Legislation to give deposits on cans and bottles, and to institute a comprehensive recycling and composting system in the territory, was approved in committee Wednesday.
Both bills proposed by Gov. Kenneth Mapp are designed particularly to help extend the lives of the territory’s landfills, but also to improve the environment and have a number of positive benefits. Mapp also proposed a ban on plastic grocery bags, which the Committee on Housing, Public Works and Waste Management voted out of committee in June. All three bills now await consideration by the Rules and Judiciary Committee.
Planning and Natural Resources Commissioner Dawn Henry, who helped write the recycling bill, said the V.I. Waste Management Authority is at a critical point/ She said the authority urgently needed to make progress on complying with a 2006 consent agreement with the Environmental Protection Agency on the territory’s two landfills.
Reducing the amount of material going into the landfills is critical to extending their life and showing the EPA the territory is serious about tackling the issues, she said.
In March 2016, the EPA sought $2.5 million for noncompliance, and penalties are continuing to accrue at the rate of $4,500 per day. So far the court has not decided on whether to impose the penalties and is more interested in seeing progress than issuing fines, Henry said.
The three measures should be able to reduce the waste stream by 70 percent, extending the life of the landfills by several years. But without them, the landfills must close very soon.
"Overall we must consider that if we continue on the same path, the Bovoni landfill is projected to reach capacity in January of 2017 and Anguilla in September of 2017," Henry said.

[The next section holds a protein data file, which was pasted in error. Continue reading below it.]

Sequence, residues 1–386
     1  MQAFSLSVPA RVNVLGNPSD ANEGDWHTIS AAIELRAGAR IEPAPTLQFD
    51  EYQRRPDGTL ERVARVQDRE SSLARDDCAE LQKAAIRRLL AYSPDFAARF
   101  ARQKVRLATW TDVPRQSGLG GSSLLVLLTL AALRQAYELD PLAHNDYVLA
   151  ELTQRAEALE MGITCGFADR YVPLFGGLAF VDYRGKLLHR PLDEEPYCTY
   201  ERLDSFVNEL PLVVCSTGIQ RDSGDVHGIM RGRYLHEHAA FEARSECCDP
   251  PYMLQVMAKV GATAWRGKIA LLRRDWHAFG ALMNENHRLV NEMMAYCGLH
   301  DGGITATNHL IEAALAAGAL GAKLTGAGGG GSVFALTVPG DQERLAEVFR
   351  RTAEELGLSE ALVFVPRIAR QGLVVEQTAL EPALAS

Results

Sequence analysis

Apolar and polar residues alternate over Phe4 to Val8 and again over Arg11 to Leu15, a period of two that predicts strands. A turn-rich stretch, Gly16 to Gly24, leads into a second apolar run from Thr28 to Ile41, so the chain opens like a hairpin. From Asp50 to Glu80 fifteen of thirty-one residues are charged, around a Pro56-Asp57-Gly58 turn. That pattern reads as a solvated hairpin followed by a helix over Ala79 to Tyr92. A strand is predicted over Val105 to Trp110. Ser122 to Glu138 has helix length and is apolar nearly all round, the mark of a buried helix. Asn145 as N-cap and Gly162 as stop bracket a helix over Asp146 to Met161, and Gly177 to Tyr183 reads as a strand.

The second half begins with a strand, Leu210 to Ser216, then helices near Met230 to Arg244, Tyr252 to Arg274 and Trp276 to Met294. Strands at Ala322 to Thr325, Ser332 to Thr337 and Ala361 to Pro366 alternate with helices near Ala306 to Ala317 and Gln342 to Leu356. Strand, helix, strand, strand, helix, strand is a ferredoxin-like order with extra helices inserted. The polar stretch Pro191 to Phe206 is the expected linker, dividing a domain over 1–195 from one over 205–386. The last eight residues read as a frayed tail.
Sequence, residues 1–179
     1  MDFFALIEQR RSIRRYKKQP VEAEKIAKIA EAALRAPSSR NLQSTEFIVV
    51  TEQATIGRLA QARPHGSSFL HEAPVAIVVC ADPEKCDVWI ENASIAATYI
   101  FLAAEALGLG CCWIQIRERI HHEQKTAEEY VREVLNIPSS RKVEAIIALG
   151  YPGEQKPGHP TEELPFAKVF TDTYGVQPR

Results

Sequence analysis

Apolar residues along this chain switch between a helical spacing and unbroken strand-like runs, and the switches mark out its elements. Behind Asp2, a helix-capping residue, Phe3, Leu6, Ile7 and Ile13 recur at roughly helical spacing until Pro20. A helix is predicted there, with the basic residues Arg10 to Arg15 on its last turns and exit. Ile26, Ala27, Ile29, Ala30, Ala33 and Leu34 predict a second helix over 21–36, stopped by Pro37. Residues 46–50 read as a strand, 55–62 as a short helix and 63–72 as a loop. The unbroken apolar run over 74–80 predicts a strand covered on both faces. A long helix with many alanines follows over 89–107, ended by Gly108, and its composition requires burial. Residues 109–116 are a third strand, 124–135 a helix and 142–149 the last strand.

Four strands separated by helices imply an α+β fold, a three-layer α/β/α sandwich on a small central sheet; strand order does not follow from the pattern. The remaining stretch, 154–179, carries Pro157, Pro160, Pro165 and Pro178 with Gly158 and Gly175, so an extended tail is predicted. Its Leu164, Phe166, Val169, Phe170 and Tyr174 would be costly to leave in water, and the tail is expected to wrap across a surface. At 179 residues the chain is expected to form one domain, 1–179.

VIWMA Solid Waste Director Vincent Ebberson said the reduction of waste stream is vital but, once removed, it is also vital to have systems in place to recycle or take it off-island.
The bill for container deposits would require all beverage containers up to 1 gallon or 3.7 liters in capacity to carry a deposit, part of which will be refundable. The exact amount will be determined by VIWMA.
As written, the bill requires larger stores to have "reverse vending machines" to accept returned containers, with the number of machines required varying by the size of the store. Senators are considering amendments to reduce the number of such machines required.
Henry has prepared several amendments designed to streamline the process that may be consolidated and considered when the bill is heard in the Rules and Judiciary Committee.
Voting to send the bills on were Sens. Clifford Graham, Jean Forde, Neville James, Nereida Rivera-O’Reilly and Marvin Blyden. Sen. Kenneth Gittens voted no, saying he was concerned about the impact on small businesses and wanted more testimony. Sen. Almando "Rocky" Liburd was absent.